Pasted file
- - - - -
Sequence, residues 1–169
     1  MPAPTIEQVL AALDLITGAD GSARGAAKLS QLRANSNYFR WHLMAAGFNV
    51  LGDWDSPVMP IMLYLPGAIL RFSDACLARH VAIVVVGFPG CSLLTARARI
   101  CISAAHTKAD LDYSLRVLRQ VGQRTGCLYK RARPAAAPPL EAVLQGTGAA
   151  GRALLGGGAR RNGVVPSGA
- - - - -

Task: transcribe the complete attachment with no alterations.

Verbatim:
Sequence, residues 1–169
     1  MPAPTIEQVL AALDLITGAD GSARGAAKLS QLRANSNYFR WHLMAAGFNV
    51  LGDWDSPVMP IMLYLPGAIL RFSDACLARH VAIVVVGFPG CSLLTARARI
   101  CISAAHTKAD LDYSLRVLRQ VGQRTGCLYK RARPAAAPPL EAVLQGTGAA
   151  GRALLGGGAR RNGVVPSGA